Laboratory of Comparative Psycoacoustics Zebra finch as model
How we study hearing in birds
Budgerigars hear
Budgerigars say
Noise effects generally
Environmental noise
Zebra finch as model
Hair cell regeneration
Belgian Waterslager canaries


 Zebra Finches


Zebra finches are domesticated birds native to the semi-arid regions of Australia and nearby islands. They have become popular pets, and are known as the "white rat" of the bird world because of the ease with which they are kept and bred in captivity, making them a favorite model for song studies. Hearing and vocal communication in zebra finches is interesting for several reasons. As in many songbirds, zebra finches learn their songs. Males are also known to learn some characteristics of their distinctive "distance" call. Zebra finch songs and calls, unlike the vocalizations of many other birds, are not whistled or tonal. Rather, they are complex harmonic sounds with a distinctive nasal, rhythmic quality.

Below are sound spectrograms of a male zebra finch song and a female zebra finch "distance" call, as well as a power spectrum of the distance call. Click on the images below to hear these vocalizations.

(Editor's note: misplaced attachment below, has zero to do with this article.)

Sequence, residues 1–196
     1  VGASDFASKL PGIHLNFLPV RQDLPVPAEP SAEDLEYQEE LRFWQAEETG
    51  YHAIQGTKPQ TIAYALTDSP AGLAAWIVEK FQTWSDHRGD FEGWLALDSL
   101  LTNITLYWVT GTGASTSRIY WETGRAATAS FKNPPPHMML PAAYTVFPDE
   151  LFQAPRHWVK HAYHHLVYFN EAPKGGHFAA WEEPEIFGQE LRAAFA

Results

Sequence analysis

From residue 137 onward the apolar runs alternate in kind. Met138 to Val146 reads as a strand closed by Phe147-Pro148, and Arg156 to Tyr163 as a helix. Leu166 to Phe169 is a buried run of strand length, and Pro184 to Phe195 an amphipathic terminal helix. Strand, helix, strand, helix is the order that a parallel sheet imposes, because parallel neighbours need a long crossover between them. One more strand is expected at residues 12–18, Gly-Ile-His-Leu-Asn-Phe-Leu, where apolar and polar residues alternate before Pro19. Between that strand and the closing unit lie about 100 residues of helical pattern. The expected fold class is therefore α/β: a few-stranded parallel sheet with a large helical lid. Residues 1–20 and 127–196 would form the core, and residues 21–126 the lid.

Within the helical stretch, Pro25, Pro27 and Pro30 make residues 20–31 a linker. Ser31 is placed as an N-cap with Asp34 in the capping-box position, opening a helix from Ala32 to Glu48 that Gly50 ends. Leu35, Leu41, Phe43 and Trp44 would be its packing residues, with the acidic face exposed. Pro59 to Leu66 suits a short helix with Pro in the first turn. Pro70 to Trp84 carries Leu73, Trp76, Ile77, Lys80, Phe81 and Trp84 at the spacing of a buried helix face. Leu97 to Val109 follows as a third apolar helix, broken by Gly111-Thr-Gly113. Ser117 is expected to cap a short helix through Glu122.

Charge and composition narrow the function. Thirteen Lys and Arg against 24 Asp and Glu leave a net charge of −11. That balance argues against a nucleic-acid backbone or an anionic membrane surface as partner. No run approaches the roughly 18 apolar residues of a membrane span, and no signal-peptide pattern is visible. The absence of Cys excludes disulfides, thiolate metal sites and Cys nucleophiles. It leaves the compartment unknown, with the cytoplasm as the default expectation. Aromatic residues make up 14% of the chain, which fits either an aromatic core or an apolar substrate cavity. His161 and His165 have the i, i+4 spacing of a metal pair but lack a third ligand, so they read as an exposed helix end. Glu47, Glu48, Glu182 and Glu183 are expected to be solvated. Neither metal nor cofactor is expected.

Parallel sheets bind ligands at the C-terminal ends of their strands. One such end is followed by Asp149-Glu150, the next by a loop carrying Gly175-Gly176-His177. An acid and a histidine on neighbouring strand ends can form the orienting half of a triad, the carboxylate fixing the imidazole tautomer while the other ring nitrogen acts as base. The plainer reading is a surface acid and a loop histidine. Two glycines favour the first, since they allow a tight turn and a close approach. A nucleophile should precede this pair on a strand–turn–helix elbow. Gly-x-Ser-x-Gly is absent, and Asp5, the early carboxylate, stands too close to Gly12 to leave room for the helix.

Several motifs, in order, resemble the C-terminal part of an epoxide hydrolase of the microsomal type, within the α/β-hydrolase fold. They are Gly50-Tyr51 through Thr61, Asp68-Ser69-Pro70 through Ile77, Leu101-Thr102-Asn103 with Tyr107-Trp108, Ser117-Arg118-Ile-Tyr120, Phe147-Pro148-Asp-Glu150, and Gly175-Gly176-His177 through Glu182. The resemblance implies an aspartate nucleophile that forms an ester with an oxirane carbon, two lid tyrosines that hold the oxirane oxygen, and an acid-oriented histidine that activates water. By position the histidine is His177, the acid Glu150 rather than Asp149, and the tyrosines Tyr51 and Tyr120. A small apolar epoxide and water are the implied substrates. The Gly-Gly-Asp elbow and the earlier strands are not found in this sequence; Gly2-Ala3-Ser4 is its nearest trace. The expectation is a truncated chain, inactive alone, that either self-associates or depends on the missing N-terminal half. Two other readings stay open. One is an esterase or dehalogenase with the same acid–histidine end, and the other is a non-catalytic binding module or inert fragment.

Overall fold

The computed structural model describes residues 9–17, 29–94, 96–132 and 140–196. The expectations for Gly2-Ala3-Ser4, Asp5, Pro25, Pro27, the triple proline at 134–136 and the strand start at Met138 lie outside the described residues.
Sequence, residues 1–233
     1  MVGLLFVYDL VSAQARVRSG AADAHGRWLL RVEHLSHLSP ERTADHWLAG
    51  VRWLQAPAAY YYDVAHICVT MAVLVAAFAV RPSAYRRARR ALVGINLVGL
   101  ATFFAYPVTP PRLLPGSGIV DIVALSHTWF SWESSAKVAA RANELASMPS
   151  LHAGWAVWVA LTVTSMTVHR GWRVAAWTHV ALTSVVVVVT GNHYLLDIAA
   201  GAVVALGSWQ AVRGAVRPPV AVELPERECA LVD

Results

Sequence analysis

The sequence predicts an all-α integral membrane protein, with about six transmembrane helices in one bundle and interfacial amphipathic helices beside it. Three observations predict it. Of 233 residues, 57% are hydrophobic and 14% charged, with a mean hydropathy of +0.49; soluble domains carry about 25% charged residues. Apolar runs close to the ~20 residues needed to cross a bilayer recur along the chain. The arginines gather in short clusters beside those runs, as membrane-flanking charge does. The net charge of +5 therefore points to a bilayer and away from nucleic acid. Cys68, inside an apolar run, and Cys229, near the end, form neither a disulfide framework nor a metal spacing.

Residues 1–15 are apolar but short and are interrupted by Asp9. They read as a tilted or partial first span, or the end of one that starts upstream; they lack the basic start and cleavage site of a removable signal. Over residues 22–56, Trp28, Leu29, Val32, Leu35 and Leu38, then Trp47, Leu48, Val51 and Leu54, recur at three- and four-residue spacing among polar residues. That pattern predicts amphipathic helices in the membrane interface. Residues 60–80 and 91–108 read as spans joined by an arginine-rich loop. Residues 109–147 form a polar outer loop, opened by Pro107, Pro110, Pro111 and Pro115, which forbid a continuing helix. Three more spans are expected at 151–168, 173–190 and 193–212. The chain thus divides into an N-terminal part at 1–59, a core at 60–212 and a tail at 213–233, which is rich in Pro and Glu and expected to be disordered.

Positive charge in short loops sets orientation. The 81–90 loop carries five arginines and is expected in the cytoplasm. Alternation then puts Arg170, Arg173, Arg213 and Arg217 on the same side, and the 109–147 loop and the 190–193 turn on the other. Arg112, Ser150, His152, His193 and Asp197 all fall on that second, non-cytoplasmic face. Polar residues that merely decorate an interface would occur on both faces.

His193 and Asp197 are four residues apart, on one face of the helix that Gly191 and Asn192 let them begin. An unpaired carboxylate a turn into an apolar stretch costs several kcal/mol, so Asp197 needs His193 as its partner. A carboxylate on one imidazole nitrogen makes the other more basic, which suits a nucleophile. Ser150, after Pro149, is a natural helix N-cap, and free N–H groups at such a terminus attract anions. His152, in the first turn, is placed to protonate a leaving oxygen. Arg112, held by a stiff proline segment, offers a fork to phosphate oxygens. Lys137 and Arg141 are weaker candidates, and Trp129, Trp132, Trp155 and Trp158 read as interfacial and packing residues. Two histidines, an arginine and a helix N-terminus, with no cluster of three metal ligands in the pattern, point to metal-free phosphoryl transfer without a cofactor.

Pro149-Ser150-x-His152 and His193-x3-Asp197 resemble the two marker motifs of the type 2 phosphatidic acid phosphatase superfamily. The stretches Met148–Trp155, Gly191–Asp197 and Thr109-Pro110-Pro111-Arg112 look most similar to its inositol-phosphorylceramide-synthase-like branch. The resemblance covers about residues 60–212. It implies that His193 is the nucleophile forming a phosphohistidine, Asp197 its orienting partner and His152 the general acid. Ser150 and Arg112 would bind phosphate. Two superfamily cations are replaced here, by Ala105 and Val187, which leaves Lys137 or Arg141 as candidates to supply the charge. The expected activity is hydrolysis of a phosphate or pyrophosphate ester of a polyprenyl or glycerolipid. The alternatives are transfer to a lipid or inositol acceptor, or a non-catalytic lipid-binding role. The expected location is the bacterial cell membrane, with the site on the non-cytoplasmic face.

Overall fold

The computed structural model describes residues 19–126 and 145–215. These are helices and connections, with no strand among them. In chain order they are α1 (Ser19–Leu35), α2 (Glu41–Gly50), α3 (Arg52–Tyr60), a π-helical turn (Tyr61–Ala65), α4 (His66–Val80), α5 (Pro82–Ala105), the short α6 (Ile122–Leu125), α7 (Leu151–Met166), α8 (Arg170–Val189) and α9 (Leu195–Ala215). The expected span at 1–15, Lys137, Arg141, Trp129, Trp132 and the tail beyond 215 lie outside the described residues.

Male zebra finch song


Female zebra finch distance call




The vocalizations of zebra finches are so different from many other songbirds, it makes one wonder if their hearing is different also. The audiogram at left shows the difference between human and zebra finch hearing thresholds. While the most sensitive hearing thresholds of zebra finches are still not quite as good as those of humans, recent experiments have shown that zebra finches are much more sensitive than humans (and even more sensitive than budgerigars) in discriminating among complex harmonic sounds such as detecting the mistuning of a single harmonic in a harmonic complex.  

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This page was last updated 04/15/10